The northern coast of Tunisia is a succession of fine sandy beaches and beautiful coves with transparent waters. It is also a region of undulating and verdant landscapes. Worth visiting around Bizerte: the village of potters in Sejnane and the Ottoman fortresses of Ghar el-Melh.
The beach of Dar El Janna (‘house of paradise’) deserves its name!
Located at the foot of the hills, about 35 km west of Bizerte, it is a wild place with a magnificent stretch of fine sand, a cave overrun by the sea and crystal-clear water.
Another dream beach, about 45 km west of Bizerte. Read more about Marsa Dhouiba beach.
Sejnane is known for its Berber pottery decorated in red and brown, and especially its lovely clay figurines in the shape of dolls and animals.
These potteries are made only by the women of the village, using natural products from the region and without any materials or potter's wheel!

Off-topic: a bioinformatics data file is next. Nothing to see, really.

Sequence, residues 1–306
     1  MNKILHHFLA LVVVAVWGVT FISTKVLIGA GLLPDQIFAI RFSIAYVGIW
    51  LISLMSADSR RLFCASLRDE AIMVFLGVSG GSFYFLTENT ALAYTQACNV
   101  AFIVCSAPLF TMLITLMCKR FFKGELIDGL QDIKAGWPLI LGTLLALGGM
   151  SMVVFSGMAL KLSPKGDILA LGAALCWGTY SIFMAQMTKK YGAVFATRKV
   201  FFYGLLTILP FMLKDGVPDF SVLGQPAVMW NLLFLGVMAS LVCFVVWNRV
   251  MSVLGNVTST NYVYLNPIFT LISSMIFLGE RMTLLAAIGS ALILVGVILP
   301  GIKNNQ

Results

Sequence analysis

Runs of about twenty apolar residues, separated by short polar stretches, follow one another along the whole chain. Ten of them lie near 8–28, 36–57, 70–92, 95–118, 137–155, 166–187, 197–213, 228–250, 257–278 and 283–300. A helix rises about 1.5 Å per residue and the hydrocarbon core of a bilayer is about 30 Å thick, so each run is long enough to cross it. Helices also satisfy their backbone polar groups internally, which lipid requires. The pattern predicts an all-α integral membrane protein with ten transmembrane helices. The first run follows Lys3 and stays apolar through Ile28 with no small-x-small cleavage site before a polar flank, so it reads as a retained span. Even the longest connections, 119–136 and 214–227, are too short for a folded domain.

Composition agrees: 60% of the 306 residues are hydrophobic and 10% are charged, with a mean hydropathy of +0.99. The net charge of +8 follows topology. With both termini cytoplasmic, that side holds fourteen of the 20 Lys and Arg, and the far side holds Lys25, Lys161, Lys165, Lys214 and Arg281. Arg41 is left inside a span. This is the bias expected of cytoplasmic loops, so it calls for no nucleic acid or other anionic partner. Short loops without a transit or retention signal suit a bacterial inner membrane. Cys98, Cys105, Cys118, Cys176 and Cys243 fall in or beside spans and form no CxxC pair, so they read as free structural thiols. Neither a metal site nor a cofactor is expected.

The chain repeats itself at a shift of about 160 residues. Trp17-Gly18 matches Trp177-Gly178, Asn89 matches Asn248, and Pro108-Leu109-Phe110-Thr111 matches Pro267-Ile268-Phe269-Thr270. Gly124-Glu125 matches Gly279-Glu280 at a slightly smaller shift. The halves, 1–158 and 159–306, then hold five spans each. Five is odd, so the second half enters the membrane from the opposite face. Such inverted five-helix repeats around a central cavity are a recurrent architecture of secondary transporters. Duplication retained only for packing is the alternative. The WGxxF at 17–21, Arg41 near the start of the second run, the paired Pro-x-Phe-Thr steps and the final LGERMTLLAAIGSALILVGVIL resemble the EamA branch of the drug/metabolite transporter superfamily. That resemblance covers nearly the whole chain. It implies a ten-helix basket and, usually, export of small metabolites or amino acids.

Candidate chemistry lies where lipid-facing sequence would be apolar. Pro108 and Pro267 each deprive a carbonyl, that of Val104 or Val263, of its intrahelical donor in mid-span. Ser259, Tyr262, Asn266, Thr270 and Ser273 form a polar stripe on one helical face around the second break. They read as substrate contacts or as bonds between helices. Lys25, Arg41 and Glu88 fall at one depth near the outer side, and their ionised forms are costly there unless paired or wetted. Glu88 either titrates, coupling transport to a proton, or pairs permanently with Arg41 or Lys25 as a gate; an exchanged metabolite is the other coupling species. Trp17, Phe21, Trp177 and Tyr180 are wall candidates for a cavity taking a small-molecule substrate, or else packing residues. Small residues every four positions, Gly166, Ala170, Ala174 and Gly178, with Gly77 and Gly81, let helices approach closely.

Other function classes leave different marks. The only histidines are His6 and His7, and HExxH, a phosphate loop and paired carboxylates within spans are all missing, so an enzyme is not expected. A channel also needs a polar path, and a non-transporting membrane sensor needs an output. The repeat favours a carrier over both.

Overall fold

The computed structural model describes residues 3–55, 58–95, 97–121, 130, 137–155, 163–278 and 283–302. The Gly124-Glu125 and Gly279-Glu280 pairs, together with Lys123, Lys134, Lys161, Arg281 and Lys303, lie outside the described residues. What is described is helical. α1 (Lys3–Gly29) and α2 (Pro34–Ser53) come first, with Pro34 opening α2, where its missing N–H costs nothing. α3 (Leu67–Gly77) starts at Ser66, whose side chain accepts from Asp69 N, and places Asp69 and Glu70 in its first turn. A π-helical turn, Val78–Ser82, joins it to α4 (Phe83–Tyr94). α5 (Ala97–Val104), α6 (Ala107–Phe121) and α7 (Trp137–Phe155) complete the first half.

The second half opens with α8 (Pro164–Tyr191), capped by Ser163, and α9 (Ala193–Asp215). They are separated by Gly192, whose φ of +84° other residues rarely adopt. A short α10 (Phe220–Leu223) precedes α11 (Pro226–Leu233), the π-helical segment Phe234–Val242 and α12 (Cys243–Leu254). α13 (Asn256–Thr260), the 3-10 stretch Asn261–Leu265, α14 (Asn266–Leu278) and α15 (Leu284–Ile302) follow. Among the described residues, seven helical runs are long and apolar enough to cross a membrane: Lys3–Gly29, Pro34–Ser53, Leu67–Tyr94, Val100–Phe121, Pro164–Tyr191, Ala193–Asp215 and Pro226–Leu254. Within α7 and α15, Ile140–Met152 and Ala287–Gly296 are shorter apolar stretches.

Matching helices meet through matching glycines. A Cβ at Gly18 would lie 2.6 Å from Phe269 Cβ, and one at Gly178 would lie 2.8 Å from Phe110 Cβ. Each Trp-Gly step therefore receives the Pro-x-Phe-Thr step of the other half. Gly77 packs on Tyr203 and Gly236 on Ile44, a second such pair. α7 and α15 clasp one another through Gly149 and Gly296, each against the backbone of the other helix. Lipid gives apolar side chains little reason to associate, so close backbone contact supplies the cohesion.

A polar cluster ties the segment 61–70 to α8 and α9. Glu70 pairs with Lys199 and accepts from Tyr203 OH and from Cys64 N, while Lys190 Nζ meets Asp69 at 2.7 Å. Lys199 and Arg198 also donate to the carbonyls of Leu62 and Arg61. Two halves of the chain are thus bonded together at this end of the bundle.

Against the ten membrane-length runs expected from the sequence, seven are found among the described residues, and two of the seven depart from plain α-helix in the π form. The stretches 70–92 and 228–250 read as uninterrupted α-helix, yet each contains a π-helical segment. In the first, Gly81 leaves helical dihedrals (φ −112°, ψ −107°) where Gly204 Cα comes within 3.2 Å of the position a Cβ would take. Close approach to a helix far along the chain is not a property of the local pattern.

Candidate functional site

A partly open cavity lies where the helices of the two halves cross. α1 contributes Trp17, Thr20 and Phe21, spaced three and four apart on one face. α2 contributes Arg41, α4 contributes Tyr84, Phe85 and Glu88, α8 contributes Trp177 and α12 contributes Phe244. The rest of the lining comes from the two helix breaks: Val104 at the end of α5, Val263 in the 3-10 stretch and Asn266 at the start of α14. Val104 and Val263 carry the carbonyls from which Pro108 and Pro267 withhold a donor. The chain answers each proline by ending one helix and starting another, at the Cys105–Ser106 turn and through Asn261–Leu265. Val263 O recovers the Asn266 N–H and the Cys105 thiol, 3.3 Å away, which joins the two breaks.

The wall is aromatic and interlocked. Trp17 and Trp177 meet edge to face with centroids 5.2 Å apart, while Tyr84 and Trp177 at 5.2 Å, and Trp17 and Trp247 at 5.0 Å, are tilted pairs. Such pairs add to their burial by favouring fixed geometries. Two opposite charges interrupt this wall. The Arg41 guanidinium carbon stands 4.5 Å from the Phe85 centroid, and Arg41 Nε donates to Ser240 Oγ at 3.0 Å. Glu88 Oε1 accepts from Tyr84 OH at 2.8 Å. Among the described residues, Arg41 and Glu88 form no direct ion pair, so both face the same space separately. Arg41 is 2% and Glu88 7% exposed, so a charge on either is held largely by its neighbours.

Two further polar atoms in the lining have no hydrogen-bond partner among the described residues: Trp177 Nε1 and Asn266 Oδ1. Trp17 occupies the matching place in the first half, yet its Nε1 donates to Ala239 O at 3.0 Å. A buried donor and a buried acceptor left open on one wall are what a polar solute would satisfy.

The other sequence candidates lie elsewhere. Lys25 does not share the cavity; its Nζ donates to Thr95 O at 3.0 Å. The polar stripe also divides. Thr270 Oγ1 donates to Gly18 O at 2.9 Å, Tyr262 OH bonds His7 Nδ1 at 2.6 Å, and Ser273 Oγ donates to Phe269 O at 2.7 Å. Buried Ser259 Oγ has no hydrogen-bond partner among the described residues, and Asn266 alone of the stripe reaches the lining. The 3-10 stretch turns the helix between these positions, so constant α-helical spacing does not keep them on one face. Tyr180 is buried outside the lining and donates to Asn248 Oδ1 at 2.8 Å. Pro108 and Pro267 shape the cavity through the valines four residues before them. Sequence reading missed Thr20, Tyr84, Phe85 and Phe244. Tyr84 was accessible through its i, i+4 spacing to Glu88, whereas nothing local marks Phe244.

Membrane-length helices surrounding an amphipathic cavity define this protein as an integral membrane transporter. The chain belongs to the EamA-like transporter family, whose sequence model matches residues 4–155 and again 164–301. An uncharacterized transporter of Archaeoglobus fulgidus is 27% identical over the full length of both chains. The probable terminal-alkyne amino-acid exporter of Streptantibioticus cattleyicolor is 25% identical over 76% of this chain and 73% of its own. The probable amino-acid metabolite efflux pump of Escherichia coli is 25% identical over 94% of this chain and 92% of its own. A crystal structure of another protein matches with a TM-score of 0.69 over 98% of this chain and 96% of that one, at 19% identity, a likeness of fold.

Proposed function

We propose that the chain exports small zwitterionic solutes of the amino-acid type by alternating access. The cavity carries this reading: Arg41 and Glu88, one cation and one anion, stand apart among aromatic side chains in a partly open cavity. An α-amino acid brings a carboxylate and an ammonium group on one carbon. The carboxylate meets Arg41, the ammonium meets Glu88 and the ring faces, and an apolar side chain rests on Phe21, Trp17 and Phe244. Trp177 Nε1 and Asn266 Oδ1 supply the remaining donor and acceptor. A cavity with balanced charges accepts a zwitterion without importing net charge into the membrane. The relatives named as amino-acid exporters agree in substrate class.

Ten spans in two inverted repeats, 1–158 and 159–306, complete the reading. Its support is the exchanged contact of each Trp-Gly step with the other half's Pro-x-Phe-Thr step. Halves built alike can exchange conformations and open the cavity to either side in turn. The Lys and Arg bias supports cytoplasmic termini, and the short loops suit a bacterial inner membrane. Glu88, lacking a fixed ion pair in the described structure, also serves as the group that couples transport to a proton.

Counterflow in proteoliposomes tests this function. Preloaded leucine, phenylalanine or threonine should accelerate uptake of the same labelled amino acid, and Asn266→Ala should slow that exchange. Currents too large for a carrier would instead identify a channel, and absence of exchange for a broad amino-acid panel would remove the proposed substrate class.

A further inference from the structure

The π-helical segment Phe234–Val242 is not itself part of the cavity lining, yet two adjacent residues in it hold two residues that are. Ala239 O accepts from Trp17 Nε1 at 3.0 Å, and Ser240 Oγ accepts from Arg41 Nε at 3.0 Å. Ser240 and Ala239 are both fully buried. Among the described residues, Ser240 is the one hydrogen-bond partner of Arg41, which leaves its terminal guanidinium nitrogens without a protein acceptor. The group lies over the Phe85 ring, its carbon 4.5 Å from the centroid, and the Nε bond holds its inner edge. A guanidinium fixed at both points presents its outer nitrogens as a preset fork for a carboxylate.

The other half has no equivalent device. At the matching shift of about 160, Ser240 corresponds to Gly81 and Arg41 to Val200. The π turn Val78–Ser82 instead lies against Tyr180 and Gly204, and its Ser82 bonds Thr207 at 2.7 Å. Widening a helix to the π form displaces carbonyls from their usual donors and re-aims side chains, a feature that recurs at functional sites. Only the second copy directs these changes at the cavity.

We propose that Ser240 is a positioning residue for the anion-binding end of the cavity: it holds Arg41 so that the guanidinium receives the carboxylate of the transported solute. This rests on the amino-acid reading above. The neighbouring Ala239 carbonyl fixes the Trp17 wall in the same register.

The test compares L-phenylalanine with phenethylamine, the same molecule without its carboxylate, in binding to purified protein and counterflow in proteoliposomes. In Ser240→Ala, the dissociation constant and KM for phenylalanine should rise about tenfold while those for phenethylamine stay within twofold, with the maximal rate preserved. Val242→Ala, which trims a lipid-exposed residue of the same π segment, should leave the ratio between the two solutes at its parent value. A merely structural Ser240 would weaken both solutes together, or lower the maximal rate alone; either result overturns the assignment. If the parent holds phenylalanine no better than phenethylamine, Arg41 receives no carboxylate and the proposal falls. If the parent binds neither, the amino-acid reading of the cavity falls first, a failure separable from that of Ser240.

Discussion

The know-how of the potters of Sejnane is listed in the UNESCO Intangible Heritage.
Also to be seen in Sejnane: the small colonial station where storks come to nest in the spring.
Not far away is the beautiful beach of Cape Serrat.
To the south of Bizerte, this rocky point plunges into a crystalline sea. A natural site of great beauty.
The small town of Ghar el-Melh whose name means ‘salt cave’ (but which the Italians called Porto Farina) was in the 17th century Tunisia’s principal naval base.
There still exist three fortresses and the galleries of the ancient arsenal.
The town is nestled on the side of a rocky peninsula bordered by beautiful sandy beaches, especially the one in the village of Rafraf.
One hour by motorway from Bizerte, the capital of Tunisia is a great historical city. Its vast medina, its numerous monuments and the great National Museum of Bardo deserve a long visit.
The ruins of ancient Carthage and the charming village of Sidi Bou Said are just a few kilometres away.
Read more about Tunis-Carthage.
The medina of Tunis and the ruins of Carthage have been declared World Heritage Sites by UNESCO.